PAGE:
Pre-Race

Coeur d’Alene is hands down the best IM venue. The town is adorable and so happy to have us there! I took my daughter Azella so she could see me race and my stepdaughter Elaine and her partner Mikayla came in from Washington for a girls weekend. We had an amazing cabin at Hayden Lake which I highly suggest. It's a bit of a drive depending on where you stay, but the lake is insanely beautiful and quiet.


Azella did the .5 mile IronKids race, which was so awesome. She was so proud. I taught her about negative splitting and she nailed it!


I had a massive bike scare. After putting together my bike post-flight, the Di2 wasn't engaging the front derailleur. I am generally pretty handy when it comes to bikes so I tried everything I could think of and at least 10 youtube videos trying to figure it out. I eventually gave up and took it to Playtri the next morning in the Ironman Village. The guy fixed it in about 10 secs ;) I had pressed some combo of button taps on the junction box and put it into a setting that I couldn't get it out of. Unfortunately, he refused to tell me what I did so I have no idea how to fix it in the future. I supposed its a smart business move on his part.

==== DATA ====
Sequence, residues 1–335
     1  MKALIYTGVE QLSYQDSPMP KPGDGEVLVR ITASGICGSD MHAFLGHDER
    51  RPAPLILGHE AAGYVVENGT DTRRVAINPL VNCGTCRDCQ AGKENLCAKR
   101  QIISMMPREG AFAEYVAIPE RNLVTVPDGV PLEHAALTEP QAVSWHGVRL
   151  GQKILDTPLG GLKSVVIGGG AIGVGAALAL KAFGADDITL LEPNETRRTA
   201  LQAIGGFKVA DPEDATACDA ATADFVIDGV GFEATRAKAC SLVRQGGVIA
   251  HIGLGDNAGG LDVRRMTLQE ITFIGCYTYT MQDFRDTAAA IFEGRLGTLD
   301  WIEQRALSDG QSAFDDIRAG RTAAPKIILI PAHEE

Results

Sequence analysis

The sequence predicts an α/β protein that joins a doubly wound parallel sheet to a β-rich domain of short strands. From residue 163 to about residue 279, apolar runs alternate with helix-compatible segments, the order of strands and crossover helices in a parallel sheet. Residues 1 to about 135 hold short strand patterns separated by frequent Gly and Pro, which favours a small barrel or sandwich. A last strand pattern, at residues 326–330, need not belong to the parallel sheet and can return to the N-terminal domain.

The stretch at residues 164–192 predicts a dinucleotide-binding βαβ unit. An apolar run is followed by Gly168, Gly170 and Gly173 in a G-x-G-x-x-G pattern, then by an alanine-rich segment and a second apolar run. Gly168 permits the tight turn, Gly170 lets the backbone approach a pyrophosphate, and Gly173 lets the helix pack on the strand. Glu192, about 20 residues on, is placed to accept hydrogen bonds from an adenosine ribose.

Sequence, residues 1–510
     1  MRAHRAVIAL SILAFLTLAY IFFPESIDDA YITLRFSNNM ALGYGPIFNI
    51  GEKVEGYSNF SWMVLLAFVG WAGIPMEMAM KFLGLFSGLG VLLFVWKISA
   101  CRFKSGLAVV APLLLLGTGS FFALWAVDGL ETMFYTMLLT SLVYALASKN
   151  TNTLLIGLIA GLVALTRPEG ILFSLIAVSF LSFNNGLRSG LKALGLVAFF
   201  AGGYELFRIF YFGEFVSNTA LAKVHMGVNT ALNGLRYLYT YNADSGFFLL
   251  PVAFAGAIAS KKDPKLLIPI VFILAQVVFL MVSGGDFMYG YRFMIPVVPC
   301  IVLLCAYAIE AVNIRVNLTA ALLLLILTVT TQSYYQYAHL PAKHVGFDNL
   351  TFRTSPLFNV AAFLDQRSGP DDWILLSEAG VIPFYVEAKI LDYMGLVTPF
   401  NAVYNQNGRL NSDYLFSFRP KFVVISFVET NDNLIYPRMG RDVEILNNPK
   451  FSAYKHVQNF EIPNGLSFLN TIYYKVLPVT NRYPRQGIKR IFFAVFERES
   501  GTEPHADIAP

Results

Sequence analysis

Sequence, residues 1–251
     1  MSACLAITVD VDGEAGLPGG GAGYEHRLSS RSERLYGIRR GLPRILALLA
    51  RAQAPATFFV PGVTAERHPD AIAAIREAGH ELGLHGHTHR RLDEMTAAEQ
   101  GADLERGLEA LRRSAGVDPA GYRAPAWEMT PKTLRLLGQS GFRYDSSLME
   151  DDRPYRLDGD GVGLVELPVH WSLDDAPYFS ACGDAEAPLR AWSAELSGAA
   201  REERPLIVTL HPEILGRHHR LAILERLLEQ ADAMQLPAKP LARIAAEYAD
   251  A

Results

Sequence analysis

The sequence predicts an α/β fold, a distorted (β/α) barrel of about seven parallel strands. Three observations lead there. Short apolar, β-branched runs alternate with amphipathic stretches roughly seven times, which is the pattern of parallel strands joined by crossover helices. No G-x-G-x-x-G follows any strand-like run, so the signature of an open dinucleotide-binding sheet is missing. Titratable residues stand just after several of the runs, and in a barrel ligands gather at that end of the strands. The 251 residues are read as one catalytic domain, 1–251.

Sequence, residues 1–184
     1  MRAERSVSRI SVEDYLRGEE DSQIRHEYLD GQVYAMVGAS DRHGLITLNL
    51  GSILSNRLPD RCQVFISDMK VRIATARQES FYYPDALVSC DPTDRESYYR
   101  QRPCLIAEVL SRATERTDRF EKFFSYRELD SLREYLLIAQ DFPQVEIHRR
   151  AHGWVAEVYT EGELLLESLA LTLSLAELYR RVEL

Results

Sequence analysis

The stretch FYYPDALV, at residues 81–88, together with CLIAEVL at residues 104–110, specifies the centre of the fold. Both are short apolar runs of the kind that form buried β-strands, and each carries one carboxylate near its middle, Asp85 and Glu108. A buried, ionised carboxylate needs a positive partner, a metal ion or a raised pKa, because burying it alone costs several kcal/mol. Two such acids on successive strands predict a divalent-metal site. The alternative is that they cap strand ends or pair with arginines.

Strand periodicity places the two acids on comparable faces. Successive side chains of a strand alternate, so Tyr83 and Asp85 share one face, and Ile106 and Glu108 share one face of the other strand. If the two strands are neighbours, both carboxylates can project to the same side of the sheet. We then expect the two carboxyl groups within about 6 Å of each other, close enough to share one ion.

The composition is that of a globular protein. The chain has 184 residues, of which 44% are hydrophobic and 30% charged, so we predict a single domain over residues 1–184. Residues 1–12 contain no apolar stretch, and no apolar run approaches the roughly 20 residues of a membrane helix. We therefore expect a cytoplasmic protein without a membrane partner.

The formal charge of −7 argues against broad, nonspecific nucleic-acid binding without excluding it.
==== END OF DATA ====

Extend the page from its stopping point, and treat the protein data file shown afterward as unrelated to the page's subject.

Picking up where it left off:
Elaine pitch ran as Azella's pacer

I really focused on hydration and fueling leading into the race. For electrolytes I drank The Right Stuff + Skratch all day the 2 days before the race. Per usual I ate all the carbs and cut out fruit (except for bananas) and veggies 3 days before.


Bike check in was a breeze and I was personally very happy about the traditional transition set up. Why? Easy pee breaks while changing. Triathletes are also very gross.


Race Day

Race mantra: Steady, Smart, Manage, SHINE



Hello 2am! That came fast. With the 100 degrees temps, they made a very wise choice to start at 5am pros, 5:35 age groupers. But good god 2am is early. Drove to the race, unpacked all my shit, swim cords, wetsuit and it was basically go time. I typically do a running warm up, but I wanted to stay as cool as possible. I sipped on ice water and stayed loose but cool.


The atmosphere was both electric and full of tension and nerves. More tension and nerves than usual. You could tell people were concerned about the heat. Rightfully so. It is one thing to do 140.6 miles and all the problems and complications you have to face with that adventure, but to do it in 100 degrees, I think we all knew we were stepping into the unknown on this one.


Swim

1:10:11